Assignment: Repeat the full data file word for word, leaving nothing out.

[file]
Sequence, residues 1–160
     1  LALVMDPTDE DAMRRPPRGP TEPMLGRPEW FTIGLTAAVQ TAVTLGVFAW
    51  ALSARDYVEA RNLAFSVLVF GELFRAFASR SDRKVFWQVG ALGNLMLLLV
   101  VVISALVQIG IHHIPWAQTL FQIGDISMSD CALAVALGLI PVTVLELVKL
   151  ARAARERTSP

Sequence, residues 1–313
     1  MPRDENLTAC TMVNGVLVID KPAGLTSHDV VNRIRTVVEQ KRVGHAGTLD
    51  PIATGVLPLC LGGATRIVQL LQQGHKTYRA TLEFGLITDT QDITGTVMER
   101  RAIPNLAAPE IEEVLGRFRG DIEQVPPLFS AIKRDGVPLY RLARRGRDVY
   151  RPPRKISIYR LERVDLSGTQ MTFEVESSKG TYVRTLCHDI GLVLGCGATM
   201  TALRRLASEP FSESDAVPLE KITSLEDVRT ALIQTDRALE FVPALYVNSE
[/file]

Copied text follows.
Sequence, residues 1–160
     1  LALVMDPTDE DAMRRPPRGP TEPMLGRPEW FTIGLTAAVQ TAVTLGVFAW
    51  ALSARDYVEA RNLAFSVLVF GELFRAFASR SDRKVFWQVG ALGNLMLLLV
   101  VVISALVQIG IHHIPWAQTL FQIGDISMSD CALAVALGLI PVTVLELVKL
   151  ARAARERTSP

Sequence, residues 1–313
     1  MPRDENLTAC TMVNGVLVID KPAGLTSHDV VNRIRTVVEQ KRVGHAGTLD
    51  PIATGVLPLC LGGATRIVQL LQQGHKTYRA TLEFGLITDT QDITGTVMER
   101  RAIPNLAAPE IEEVLGRFRG DIEQVPPLFS AIKRDGVPLY RLARRGRDVY
   151  RPPRKISIYR LERVDLSGTQ MTFEVESSKG TYVRTLCHDI GLVLGCGATM
   201  TALRRLASEP FSESDAVPLE KITSLEDVRT ALIQTDRALE FVPALYVNSE